Open

Coming up

Don't miss

Replay


LATEST SHOWS

ENCORE!

Tango Takeover in Paris

Read more

WEB NEWS

Calls for ISIS media blackout after execution of James Foley

Read more

IN THE PAPERS

'Steely resolve of reporters exploited by pared-down employers'

Read more

BUSINESS DAILY

US judge calls Argentina bond swap offer illegal

Read more

IN THE PAPERS

Cécile Duflot ruffles some feathers

Read more

MEDIAWATCH

Media accused of pro-protester bias in Ferguson

Read more

DEBATE

The Murderous Lure of Jihad: Tackling ISIS and its Worldwide Recruitment (part 2)

Read more

DEBATE

The Murderous Lure of Jihad: Tackling ISIS and its Worldwide Recruitment

Read more

FOCUS

Republicans block Obama's bid to hike minimum wage

Read more

  • Besieged by problems, Hollande faces unhappy return from summer holidays

    Read more

  • Russian aid convoy drives into Ukraine

    Read more

  • Hamas publicly executes "informers"

    Read more

  • French firebrand leftist to quit party presidency, but not politics

    Read more

  • Gunmen kill scores in Iraqi Sunni mosque attack

    Read more

  • Fear of Ebola sky-high among Air France workers

    Read more

  • US says Islamic State threat 'beyond anything we've seen'

    Read more

  • Malaysia mourns as remains of MH17 victims arrive home

    Read more

  • Turkish Foreign Minister Davutoglu set to be Erdogan's new PM

    Read more

  • Hollande is ‘nobody’s president’ says former French minister

    Read more

  • Two US Ebola patients leave hospital ‘virus-free’

    Read more

  • US reaches historic $16.7bn settlement with Bank of America

    Read more

  • Special report: Supplying Ukraine’s soldiers on the front line

    Read more

  • France delivered arms to Syrian rebels, Hollande confirms

    Read more

  • Interactive: Relive the Liberation of Paris in WWII

    Read more

Stem cells lead to brain tissue creation

Text by AFP

Latest update : 2008-11-06

Stem cells taken from human embryos have been used by Japanese scientists to create functioning brain tissue. A world-first that could lead to the better treatment of strokes or degenerative diseases like Alzheimer's.

Japanese researchers said Thursday they had created functioning human brain tissues from stem cells, a world first that has raised new hopes for the treatment of disease.
  
Stem cells taken from human embryos have been used to form tissues of the cerebral cortex, the supreme control tower of the brain, according to researchers at the government-backed research institute Riken.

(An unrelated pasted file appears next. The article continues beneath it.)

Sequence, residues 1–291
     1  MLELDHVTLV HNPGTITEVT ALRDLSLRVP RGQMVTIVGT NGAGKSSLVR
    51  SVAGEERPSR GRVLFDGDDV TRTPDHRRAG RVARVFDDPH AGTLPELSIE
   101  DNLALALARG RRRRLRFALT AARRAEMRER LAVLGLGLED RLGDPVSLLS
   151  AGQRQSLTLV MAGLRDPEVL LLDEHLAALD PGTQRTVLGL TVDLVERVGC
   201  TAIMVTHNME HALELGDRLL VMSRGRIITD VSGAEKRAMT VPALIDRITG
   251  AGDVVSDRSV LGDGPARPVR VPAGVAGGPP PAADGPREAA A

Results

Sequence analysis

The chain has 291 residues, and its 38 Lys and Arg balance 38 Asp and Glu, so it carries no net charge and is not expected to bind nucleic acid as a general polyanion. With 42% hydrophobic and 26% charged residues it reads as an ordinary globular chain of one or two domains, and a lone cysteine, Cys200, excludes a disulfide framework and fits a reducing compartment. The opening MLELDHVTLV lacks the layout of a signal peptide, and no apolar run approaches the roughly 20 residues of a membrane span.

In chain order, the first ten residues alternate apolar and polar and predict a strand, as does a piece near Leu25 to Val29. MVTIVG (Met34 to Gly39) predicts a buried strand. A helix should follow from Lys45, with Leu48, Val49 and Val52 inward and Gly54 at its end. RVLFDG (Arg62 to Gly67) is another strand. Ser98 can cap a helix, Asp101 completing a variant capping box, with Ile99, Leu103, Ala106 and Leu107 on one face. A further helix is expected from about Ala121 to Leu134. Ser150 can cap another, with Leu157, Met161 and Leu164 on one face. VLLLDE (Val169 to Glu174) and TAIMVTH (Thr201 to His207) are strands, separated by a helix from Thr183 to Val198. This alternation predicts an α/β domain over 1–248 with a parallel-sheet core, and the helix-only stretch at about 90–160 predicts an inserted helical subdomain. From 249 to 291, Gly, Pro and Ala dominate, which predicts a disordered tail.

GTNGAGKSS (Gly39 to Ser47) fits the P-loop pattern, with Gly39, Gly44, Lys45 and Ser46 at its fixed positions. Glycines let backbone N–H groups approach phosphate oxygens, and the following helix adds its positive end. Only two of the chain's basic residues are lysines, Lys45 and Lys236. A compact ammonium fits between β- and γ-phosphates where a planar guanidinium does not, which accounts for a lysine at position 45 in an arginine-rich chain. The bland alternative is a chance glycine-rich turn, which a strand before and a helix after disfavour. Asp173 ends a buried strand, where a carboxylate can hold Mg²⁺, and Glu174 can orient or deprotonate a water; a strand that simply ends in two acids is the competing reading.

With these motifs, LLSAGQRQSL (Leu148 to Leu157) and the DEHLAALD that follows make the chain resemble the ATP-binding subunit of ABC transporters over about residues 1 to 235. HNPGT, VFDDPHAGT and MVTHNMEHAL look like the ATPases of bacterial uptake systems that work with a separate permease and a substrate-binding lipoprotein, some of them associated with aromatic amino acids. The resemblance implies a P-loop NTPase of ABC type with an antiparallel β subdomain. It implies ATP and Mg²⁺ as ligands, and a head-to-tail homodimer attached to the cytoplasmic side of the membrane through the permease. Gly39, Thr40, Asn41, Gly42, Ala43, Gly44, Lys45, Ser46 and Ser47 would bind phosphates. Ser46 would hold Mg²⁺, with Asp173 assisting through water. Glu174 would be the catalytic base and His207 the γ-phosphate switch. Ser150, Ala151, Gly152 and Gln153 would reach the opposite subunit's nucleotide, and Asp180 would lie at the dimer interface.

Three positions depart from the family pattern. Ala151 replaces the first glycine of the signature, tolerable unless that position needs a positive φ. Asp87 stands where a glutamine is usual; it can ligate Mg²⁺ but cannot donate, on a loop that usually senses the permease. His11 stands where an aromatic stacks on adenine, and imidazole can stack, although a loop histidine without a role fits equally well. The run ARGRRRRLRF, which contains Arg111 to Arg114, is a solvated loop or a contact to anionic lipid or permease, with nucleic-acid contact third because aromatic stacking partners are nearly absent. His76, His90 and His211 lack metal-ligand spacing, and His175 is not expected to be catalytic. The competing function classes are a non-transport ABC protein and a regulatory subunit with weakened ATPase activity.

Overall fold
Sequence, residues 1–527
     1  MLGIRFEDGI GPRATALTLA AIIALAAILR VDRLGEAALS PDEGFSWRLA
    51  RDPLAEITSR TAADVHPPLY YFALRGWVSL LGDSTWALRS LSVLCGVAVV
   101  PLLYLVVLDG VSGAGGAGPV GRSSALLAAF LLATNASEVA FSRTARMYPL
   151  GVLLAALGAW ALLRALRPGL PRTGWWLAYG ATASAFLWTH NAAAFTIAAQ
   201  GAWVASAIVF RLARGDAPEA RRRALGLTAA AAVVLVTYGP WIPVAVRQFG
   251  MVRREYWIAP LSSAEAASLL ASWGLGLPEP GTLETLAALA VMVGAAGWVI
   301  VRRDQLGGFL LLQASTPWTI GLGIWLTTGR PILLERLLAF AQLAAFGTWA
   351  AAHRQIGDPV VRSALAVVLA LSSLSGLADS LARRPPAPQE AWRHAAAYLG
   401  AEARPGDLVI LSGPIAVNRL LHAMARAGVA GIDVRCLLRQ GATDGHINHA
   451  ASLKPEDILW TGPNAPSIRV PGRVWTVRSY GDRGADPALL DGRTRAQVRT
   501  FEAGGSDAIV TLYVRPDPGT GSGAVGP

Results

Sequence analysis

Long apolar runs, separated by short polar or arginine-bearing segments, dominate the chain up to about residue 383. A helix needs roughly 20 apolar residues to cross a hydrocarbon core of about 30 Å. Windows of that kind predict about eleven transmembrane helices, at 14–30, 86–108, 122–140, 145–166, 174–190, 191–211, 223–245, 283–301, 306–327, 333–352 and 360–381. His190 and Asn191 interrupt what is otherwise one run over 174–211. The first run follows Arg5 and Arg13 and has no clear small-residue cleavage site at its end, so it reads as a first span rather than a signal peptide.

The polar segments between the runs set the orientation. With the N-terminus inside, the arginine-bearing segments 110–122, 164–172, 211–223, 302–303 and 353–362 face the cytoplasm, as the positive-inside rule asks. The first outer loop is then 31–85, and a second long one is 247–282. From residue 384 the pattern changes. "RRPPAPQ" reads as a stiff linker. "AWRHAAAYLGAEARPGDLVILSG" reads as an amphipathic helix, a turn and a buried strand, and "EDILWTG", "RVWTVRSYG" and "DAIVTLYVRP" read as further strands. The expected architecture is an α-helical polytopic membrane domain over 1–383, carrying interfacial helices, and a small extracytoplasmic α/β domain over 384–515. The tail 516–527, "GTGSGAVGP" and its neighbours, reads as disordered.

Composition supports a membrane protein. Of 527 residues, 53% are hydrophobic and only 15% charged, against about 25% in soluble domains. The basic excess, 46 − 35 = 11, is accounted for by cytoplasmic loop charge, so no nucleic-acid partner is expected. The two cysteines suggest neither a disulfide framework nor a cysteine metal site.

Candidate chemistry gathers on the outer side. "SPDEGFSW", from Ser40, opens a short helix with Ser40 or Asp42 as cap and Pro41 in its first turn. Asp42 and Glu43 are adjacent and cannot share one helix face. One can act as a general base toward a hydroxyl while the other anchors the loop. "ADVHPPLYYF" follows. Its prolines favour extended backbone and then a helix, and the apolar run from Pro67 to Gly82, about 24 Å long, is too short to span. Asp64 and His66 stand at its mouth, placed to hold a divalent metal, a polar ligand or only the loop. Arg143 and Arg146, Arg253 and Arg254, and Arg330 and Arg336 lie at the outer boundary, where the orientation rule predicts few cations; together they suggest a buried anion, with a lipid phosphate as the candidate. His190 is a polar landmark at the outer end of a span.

The tissues self-organised into four distinct zones very similar to the structure seen in human foetuses, and conducted neuro-activity such as transmitting electrical signals, the institute said.
  
Research on stem cells is seen as having the potential to save lives by helping to find cures for diseases such as cancer and diabetes or to replace damaged cells, tissues and organs.
  
The team's previous studies showed stem cells differentiated into distinct cells but until now they had never organised into functioning tissues.
  
"In regenerative therapy, only a limited number of diseases can be cured with simple cell transplants. Transplanting tissues could raise hopes for greater functional recovery," the institute said in a statement.
  
"Cultivated tissues are still insufficient and too small to be used to treat stroke patients. But study of in-vitro cultivation of more mature cortex tissues, such as those with six zones like in the adult human brain, will be stepped up," it said.
  
The tissues could also serve as "a mini organ" for use in studying the cause of the Alzheimer's disease and developing vaccines, it said.
  
Embryonic stem cells are harvested by destroying a viable embryo, a process that some people find unacceptable.
  
Riken said cortex tissues were also obtained from "induced pluripotent stem cells," which are similar to embryonic stem cells but artificially induced, typically from adult cells such as skin cells.
  
The research was led by Yoshiki Sasai at Riken Centre for Development Biology in western Japan's Kobe.
  
The cultivated tissues look like minature mushrooms two millimetres (0.08 inches) in diametre.
  
The team also succeeded in making cortex tissues from the embryonic stem cells of mice.
  
Using mouse tissues, scientists confirmed they had formed a network of neurons that properly respond to stimulus.
  
The tissues can also be selectively induced to different cortex types controlling memories, visual sensation and other tasks.
  
The findings of the study were published in the November 6 online journal Cell Stem Cell in the United States.

Date created : 2008-11-06

COMMENT(S)